Talking school security

Warren County Sheriff Bud York, center, talks on March 21 to area school superintendents and principals about security in the wake of recent shootings in the country. The event was held at Lake George high school. Looking on are Warren County Undersheriff Shawn Lamouree, left, and State Police Zone 2 Commander Walt Teppo, at right. 

LAKE GEORGE — Warren County Sheriff Bud York said spending $30,000 per school building is not a high cost to protect student lives.

Many retired police officers who have 20 to 30 years of experience are looking for part-time work and would be interested in being school security officers, according to York. He cited the $30,000 figure because that is the maximum they can earn while collecting a pension.

York pointed out that hundreds of thousands of dollars are spent to protect judges throughout the state.

“You’re telling me our kids aren’t that important. That’s hogwash. They are,” he said to about 40 superintendents, principals and emergency responders from Warren County on Wednesday at Lake George high school.

The meeting was organized in the wake of last month’s deadly shooting at Marjory Stoneman Douglas High School in Parkland, Florida, that killed 17 people and injured others. York has called for armed officers in the school. The Washington-Saratoga-Warren-Hamilton-Essex BOCES helped coordinate the event.

The discussion was particularly timely as it came just a day after two people were shot and injured in Great Mills High School in Maryland, before the gunman was shot and killed by the school resource officer.

“I feel it is imperative that we have someone trained here that can at least stop the confrontation and save lives,” York said.

Bolton Superintendent Michael Graney said he believes many school districts in the district would favor having an armed officer.

“What hoops do you have to jump through to make this happen?” he asked.

York said he would conduct the appropriate background checks on retired officers and they would become sworn part-time officers of the Warren County Sheriff’s Office and accountable to all the department’s rules and procedures. The school districts would pay the sheriff’s office as part of a contract. The in-school officers would wear uniforms, according to York

York said this makes more sense than schools hiring employees directly, because then the district would be on the hook for about $100,000 in salary and benefits.

York estimated the hourly rate would come to about $20 per hour. But he said he believes it is better to put the officers on a salary with the stipulation that they would be required to work some hours outside of the school day, such as a basketball game.

York added that that schools could hire more than one person. Not everybody wants to work five days a week, so a district could hire someone to work three days and another person for the other two. It also would be good to have a backup to cover for vacation and other time off.

“God forbid that one day that nobody’s there, something happens,” he said.

York told the school officials not to count on any state funding or support because of how the Democratically controlled Assembly and Gov. Andrew Cuomo feel about the issue: “Guns are voodoo. We don’t need more guns in the school.”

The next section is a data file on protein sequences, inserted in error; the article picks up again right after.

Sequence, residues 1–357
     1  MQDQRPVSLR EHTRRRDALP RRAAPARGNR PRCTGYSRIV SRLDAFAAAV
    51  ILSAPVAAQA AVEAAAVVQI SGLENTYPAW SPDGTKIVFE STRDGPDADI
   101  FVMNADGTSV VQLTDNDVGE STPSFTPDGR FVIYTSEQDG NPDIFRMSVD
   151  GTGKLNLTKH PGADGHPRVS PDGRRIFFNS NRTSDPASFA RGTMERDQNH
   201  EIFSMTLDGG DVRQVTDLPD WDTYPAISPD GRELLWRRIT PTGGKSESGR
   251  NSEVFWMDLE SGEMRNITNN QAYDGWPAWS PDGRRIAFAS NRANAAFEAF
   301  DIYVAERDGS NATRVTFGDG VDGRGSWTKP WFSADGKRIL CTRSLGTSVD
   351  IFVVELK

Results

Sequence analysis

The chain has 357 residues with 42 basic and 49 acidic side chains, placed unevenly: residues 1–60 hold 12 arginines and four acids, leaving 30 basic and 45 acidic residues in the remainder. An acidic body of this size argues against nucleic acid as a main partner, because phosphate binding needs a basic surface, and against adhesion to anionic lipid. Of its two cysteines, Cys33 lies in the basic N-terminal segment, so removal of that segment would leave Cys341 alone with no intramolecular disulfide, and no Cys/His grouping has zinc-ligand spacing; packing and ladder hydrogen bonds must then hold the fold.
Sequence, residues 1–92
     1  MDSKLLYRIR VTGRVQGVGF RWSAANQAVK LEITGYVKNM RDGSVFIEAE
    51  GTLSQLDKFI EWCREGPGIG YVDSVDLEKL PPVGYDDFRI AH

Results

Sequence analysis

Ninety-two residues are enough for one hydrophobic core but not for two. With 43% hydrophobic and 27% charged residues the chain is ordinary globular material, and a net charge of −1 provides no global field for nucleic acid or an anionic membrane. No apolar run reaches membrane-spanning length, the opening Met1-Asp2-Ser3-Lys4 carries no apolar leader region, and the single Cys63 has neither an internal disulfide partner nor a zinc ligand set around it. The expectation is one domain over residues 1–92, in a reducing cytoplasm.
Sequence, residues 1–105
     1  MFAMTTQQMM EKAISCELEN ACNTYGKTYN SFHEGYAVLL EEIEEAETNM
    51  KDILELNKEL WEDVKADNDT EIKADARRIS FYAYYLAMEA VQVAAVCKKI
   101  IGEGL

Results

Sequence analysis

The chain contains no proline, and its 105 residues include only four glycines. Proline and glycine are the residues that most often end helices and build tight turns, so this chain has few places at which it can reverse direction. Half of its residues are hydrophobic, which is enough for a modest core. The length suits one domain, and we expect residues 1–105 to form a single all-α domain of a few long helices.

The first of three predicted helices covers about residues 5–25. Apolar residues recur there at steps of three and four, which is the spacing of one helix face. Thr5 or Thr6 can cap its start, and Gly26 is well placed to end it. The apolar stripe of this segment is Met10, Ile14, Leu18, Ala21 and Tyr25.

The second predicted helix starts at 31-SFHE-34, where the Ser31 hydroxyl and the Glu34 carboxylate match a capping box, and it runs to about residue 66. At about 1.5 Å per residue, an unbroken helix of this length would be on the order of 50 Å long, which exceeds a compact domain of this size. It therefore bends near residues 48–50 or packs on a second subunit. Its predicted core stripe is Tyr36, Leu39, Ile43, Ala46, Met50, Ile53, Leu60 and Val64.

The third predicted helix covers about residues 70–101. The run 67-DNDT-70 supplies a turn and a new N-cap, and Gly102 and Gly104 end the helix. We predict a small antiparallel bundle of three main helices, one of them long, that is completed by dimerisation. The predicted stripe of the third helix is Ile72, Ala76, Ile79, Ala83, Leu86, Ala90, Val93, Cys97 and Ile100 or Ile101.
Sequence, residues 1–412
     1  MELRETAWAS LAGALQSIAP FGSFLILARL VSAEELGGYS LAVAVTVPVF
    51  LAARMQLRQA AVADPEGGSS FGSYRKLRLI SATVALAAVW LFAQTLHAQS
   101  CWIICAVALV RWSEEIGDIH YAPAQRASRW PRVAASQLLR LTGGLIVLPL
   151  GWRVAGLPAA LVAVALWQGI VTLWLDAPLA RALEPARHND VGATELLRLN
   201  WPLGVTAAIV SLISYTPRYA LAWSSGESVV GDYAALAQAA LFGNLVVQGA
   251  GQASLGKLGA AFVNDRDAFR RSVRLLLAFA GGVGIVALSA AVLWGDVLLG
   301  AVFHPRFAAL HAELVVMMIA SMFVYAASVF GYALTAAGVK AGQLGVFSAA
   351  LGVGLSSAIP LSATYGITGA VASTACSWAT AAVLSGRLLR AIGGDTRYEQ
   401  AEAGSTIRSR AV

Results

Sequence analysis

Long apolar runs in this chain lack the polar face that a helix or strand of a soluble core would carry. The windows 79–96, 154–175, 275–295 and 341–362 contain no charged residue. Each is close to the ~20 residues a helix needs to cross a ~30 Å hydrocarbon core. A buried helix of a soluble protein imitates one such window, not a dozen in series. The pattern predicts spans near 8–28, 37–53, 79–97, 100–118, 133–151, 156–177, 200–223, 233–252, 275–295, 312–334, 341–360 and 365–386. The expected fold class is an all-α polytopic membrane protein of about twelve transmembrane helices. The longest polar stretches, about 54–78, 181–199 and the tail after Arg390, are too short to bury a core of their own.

It’s a safety issue, not a political issue, he said. He does not like hearing elected officials saying that limiting access to guns should be the goal, he said.

“To me, that’s just a political statement that these politicians make to get elected. That sounds good, but that doesn’t take care of the problem,” he said.

Officers at the Capitol have guns, he said.

Some districts already have dedicated school resource officers. North Warren Superintendent Michele French said the district has had a retired police officer, John Mahon, in the position for three years, and it has worked well.

Mahon said parents have asked him if he is armed, and he answers that he cannot tell them. Their response is “I hope you are,” Mahon said.

Warrensburg Superintendent John Goralski said he liked the idea of using retired law enforcement officers because they are trained in how to deal with crisis situations and how to carry weapons.

The district had a school resource officer through the State Police until that program got cut several years ago, he said. Those officers had a relationship with students to deal with situations before they rose to the level of a crisis, he said.

Having a police presence is advantageous in other ways, York said. There have been instances where child abuse cases have come to light because a child told a teacher and that teacher passed it on to law enforcement.

State Police Zone 2 Commander Walt Teppo said having an officer at the school helps reduce the confusion and communications breakdown that can happen during a shooting. People would be calling the dispatchers with third- and fourth-hand information, he said, which makes it confusing for officers trying to assess the situation.

“When you have somebody at that scene, that takes a lot of the confusion out,” he said.

Tara Sullivan, a public relations specialist for BOCES, pointed out that there has been some type of threat every day in one of the 31 BOCES school districts since the Florida shooting.

She said people who have responded to school social media posts want more security and police officers in schools.

Lake George Superintendent Lynne Rutnik said she has had teachers ask if they could carry guns. She said the district is not there yet.

York said he is not opposed to the idea, but the teachers would have to have grown up with guns and be really familiar with them.

“It’s not about the guns for me. It’s about protecting our kids. We’ve got to figure it out,” York said.

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